Remember — at risk of sounding like a broken record — the ABM strategy is less focused on individual personas, and more on casting a wide net for new business. For that reason, this content should be focused on the single deals you'd like to make with each specific organization.
With this step, you might start to see how ABM and inbound marketing are able to work together, as it's clear that quality, compelling content plays a role in reaching your account-based targets.
Not sure where to start? Check out this guide to creating useful content.
4. Choose your channels.
Even with the best content to reach your accounts, it won't be very effective if you don't use the right channels to promote it. It's important to choose the right channels to deliver it, based on what's most effective for a given organization or role.
Here's where it might be helpful to know where the specific people within each target “live” online. The Pew Research Center Demographics of Social Media Users does an excellent job of profiling the users of five major social media platforms — Facebook, Pinterest, Instagram, LinkedIn, and Twitter. That should shed some light on which channels the people within each account are mostly likely using, and how they consume the content you're custom-creating for each of them.
5. Run your campaign.
At this point, you've selected your targets, built out the specifics of their respective compositions, created content, and selected the channels you'll use to promote it. Time to execute! Right? Well, kind of.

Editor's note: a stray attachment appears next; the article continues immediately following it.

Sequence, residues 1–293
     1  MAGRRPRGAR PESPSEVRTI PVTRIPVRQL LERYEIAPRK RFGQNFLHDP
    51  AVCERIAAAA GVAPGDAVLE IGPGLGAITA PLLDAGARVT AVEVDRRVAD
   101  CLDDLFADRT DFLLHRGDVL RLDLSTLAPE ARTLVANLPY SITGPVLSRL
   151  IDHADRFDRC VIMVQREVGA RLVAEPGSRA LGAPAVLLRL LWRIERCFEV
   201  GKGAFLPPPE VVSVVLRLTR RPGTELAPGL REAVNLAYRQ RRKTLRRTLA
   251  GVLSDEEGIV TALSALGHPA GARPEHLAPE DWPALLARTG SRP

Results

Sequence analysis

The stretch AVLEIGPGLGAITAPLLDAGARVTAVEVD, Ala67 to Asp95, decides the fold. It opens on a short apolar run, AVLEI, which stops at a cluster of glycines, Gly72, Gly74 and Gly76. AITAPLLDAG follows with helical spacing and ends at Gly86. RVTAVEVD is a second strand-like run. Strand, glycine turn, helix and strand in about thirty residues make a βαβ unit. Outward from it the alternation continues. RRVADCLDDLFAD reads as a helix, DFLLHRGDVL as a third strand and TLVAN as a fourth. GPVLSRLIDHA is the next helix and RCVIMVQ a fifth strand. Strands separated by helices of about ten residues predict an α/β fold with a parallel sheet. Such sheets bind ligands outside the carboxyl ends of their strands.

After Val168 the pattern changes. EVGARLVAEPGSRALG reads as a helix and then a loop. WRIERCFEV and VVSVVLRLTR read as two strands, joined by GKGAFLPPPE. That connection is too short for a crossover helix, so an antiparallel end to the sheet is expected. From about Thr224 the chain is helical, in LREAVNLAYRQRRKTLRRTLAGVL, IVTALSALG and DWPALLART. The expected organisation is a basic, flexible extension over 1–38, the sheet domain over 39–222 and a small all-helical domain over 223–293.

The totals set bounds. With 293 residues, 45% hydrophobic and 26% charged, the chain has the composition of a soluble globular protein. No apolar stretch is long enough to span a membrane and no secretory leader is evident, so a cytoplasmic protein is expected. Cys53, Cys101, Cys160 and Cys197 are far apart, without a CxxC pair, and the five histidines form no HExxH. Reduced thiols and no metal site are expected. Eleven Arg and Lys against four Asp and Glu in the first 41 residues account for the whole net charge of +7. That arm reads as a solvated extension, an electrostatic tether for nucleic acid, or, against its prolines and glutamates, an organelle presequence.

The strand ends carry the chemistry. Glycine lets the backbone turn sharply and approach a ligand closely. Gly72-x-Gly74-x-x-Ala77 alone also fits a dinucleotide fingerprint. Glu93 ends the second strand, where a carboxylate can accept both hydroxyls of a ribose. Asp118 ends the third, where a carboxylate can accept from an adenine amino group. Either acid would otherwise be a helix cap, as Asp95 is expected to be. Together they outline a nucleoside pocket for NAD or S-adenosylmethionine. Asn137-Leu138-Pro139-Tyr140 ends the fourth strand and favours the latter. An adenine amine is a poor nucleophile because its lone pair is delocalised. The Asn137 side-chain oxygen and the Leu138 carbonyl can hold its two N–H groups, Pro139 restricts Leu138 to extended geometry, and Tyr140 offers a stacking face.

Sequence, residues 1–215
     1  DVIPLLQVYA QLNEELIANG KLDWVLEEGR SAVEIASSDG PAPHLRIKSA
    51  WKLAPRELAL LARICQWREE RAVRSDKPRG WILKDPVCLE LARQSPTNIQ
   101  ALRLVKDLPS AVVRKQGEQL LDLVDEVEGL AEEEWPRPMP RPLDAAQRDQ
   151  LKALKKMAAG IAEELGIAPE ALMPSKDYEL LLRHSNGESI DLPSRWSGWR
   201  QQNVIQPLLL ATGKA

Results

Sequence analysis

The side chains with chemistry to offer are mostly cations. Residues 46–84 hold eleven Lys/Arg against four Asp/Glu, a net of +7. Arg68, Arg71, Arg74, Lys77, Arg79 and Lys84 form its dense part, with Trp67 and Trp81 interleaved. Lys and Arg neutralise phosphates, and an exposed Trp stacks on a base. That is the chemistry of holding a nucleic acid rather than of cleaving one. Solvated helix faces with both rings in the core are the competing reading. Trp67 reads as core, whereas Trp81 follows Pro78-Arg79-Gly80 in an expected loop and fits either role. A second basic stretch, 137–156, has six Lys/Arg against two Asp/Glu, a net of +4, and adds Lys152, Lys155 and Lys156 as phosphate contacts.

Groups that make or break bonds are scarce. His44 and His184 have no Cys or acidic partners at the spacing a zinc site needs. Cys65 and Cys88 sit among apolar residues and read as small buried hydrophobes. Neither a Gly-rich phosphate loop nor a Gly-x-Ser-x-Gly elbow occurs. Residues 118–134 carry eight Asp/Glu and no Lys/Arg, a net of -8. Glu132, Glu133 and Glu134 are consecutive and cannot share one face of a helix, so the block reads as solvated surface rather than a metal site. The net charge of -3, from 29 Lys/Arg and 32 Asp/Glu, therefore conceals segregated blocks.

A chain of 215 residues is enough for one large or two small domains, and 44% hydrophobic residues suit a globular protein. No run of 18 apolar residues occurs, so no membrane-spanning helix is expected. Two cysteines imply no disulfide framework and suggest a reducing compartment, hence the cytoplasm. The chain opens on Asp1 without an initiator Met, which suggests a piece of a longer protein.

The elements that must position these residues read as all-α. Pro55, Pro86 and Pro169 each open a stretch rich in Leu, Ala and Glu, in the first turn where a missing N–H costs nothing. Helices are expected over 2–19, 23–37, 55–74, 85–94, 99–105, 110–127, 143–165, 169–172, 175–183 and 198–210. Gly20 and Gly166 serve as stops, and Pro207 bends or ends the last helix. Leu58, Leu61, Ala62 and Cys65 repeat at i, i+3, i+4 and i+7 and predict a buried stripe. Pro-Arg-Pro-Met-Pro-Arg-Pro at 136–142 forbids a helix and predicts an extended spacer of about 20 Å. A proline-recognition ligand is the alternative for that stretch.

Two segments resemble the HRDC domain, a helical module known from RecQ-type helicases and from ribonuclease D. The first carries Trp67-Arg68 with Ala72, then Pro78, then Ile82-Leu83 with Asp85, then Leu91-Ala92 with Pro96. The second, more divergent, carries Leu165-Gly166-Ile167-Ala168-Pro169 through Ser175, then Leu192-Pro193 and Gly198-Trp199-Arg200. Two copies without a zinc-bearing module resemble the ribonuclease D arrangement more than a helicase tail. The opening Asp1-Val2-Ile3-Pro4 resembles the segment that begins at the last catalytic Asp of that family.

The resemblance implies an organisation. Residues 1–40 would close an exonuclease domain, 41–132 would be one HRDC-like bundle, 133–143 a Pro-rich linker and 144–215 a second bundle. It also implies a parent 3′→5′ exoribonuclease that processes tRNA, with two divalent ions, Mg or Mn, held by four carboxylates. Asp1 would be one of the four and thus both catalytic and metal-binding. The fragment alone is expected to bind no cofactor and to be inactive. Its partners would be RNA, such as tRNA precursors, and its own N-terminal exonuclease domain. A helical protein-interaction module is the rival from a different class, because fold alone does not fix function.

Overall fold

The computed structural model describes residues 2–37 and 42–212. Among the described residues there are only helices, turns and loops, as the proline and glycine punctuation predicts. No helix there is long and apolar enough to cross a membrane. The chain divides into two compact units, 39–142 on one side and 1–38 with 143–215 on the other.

Running your campaign will require some care. You'll have to coordinate your messaging across the various channels — you don't want to send different signals to the same person within a target account.
That's a big problem for many B2B marketers, according to Demandbase: “Unlike consumer marketers who have millions of potential customers,” reads its Account-Based Marketing: Fundamentals Every B2B Marketer Must Know report, “B2B marketers have a limited number of potential buyers.”
Perhaps that's why, according to the same report, 82% of visitors to B2B sites aren't even actual prospects. So choose and leverage the right channels properly — to target the right accounts, and to make sure the messaging isn't repetitive or conflicting.
6. Measure your results.
A surprising number of CMOs out there have trouble proving the ROI of their marketing efforts — 67% of them, in fact. Every campaign needs to have its results measured properly, especially with methodologies that are somewhat new.
Ask the right questions when you're measuring the results of an ABM campaign. According to our aforementioned team of experts, these might include:
- Are we growing our list of known individuals within the target account?
- Have there been any changes to the way these accounts are engaging with our brand and its content?
- How much revenue have we generated from these target accounts?
There are also some tools available to help evaluate your marketing ROI. This guide, for example, explains how to measure your marketing campaigns using the HubSpot Sources Report.
When it's broken down into a few steps, account-based marketing seems a bit less overwhelming. In fact, as we covered, it's not so different from inbound marketing, and works quite well with some of the inbound principles that we hold so near and dear.
Just like we said above — find those targets. Then, with inbound marketing, help them find you.
Original source: https://blog.hubspot.com/marketing/account-based-marketing-guide